"The engine is smoking like a chimney," Norman Rousseau told his wife after working on an RV that was expected to be home for the couple after they were evicted from their house in Newbury Park, Calif.
Those would be the last words Oriane Rousseau heard from her husband, who shot himself May 15, days before the couple were scheduled to be evicted after a long battle over their mortgage held by Wells Fargo.
"I lost my husband and it hurts me like hell," Oriane Rousseau, the wife of Norman, told CBS's Los Angeles affiliate. "I don't want this to happen to anybody. This is horrible. I lost my husband. I lose my pets, I lose my house, I lose my furniture, everything...for nothing."
In a statement to ABC News, a spokesperson for Wells Fargo, which acquired the Rousseau loan from a lender it bought out, wrote, "Our thoughts are with the friends and family of Mr. Rousseau at this difficult time. The eviction has been postponed and we will continue to work with Mrs. Rousseau. Despite current reports, we tried repeatedly to find affordable options for the family."
The 53-year-old, who battled different ailments, would pick up odd jobs but was struggling financially. His wife, Oriane, was working part-time jobs. The couple's troubles began after they were solicited to refinance their mortgage and became locked into an alleged predatory loan for the home, which they purchased in 2000, according to their attorney Chris Gardas.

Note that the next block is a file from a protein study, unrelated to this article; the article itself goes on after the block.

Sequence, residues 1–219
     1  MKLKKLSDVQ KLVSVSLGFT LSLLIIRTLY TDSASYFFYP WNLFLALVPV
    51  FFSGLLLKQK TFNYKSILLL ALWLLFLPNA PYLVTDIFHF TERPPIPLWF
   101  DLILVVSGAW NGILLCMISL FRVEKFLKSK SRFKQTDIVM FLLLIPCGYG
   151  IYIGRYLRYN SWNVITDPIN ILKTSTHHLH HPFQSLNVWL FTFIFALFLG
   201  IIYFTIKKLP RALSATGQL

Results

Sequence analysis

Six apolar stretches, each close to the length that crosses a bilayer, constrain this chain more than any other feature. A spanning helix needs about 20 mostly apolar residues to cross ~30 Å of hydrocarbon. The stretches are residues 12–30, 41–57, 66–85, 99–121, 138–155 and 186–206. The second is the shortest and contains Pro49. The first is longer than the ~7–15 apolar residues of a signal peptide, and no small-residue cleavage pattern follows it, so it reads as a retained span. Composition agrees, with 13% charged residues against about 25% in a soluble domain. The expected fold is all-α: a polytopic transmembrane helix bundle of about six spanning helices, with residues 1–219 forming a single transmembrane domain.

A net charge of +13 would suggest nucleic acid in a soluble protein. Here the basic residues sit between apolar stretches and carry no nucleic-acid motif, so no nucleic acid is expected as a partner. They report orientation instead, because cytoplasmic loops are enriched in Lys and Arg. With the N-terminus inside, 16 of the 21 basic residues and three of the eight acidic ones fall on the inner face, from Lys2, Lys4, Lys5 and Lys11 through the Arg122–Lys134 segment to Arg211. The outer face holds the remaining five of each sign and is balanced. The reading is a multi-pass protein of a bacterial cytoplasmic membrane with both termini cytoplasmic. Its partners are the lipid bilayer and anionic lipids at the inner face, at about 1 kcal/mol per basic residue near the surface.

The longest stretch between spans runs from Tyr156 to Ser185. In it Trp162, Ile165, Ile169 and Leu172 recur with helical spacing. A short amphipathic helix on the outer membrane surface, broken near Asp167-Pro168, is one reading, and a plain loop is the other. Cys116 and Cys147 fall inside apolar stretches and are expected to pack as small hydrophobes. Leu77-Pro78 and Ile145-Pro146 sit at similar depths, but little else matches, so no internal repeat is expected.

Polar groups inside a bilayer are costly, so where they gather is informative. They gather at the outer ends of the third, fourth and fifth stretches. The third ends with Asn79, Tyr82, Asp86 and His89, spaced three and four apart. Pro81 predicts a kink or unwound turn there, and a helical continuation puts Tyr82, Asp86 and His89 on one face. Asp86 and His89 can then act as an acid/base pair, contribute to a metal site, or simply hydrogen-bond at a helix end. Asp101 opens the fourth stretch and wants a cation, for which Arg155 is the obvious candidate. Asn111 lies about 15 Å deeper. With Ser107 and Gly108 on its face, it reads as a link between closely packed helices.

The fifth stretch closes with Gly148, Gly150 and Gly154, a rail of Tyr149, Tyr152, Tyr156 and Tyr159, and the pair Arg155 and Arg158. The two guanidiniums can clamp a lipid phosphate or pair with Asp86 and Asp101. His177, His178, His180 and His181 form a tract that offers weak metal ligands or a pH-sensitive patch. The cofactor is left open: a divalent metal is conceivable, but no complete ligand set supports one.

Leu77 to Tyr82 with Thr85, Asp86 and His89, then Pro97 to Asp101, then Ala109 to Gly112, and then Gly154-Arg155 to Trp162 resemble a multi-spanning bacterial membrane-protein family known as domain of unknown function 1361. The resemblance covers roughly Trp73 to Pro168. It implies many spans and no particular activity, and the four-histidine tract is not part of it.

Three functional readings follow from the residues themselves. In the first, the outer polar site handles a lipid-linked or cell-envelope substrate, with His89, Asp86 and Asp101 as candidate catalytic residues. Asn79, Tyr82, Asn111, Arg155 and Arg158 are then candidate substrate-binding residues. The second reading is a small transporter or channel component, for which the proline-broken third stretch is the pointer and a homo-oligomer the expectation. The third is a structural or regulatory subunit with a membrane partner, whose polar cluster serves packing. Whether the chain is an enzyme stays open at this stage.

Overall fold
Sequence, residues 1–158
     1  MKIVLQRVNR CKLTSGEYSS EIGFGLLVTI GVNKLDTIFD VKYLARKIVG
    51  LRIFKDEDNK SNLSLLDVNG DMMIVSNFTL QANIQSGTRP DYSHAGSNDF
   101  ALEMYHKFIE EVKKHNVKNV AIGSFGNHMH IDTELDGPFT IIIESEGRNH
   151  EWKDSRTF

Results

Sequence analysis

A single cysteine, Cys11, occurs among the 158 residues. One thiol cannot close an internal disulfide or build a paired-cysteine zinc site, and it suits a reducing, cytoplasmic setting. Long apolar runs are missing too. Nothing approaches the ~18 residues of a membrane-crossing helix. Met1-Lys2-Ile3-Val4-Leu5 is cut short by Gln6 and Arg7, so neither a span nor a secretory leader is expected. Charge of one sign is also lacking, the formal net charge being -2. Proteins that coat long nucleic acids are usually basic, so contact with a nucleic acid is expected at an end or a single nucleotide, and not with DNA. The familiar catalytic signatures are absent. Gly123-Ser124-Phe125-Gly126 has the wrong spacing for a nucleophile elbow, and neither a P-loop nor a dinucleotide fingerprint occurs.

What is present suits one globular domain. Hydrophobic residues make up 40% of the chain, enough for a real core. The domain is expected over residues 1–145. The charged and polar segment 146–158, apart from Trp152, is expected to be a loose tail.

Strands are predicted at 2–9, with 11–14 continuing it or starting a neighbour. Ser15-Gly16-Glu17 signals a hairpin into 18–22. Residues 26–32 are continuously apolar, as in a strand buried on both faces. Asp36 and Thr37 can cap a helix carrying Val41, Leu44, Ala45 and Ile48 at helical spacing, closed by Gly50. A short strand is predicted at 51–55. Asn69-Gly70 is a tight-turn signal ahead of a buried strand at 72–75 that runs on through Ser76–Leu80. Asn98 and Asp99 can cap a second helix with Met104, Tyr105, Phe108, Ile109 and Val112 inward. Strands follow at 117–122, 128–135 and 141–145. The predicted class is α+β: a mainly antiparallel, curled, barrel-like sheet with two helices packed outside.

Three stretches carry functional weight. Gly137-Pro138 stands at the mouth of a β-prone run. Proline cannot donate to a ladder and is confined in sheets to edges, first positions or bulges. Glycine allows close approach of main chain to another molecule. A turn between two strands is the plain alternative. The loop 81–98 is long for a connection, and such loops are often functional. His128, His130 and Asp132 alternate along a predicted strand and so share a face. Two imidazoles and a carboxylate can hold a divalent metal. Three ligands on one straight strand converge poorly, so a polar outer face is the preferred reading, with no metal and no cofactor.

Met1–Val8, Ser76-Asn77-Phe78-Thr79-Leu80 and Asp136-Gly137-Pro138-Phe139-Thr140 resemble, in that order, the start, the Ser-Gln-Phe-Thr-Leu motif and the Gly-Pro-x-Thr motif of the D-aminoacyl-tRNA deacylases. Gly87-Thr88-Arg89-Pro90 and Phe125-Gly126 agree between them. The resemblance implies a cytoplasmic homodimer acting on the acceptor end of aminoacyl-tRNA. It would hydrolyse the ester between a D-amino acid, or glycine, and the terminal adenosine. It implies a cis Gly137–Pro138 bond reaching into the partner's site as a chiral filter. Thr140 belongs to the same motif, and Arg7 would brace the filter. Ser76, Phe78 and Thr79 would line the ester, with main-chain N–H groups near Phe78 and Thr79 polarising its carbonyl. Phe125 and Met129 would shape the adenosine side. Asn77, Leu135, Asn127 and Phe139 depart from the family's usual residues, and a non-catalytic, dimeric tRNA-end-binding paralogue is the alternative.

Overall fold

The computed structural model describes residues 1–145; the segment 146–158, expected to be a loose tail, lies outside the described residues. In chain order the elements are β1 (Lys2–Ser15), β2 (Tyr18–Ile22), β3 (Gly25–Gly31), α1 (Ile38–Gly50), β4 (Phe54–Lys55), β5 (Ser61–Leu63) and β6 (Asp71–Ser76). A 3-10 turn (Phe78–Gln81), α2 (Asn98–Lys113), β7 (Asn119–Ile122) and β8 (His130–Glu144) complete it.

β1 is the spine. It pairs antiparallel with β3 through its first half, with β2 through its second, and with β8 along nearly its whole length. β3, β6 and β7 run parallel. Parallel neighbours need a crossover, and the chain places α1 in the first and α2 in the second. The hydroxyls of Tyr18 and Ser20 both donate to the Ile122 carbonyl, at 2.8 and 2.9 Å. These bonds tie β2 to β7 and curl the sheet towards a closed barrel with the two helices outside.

The couple alleges there was a dispute with the bank over one payment and say they received harassing calls over the issue.
The couple later began a loan modification process, according to Gardas. "The details of the new loan were misrepresented and the couple became locked into a loan with a higher interest rate and were charged thousands in origination fees," according an amended lawsuit filed by the couple.
Wells Fargo is also one of five big banks that agreed to pay a $25 billion settlement over allegations of mortgage fraud. The bank filed a response to the Rousseau suit, denying the allegations and asking for a dismissal, plus more fees -- this time for the bank's attorneys.
The suit claims the bank told the couple not to make payments during the loan modification process. Then they were denied the modification. And, while facing foreclosure, the couple claims they were not given enough time to make the mortgage current, according to Gardas.
Over the last year, the family has spent thousands on legal fees and consultation, says Gardas.
In the last few months, Rousseau was said to be under incredible stress.
"There were times where I knew there was something off," said Gardas. "He was continuing to look for work and, on the night before, his spirit seemed a whole lot better."
"He located a motor home and he was going to pick it up," he continued. "They were resolved they would live in the motor home and the family wouldn't live on the street. I was supposed to talk to him later that night but I didn't get a call from him. "
Rousseau, who never took off his wedding band, would give his wife the ring while working on the truck to avoid losing it.
The next day, under a blanket, Rousseau shot himself in the head.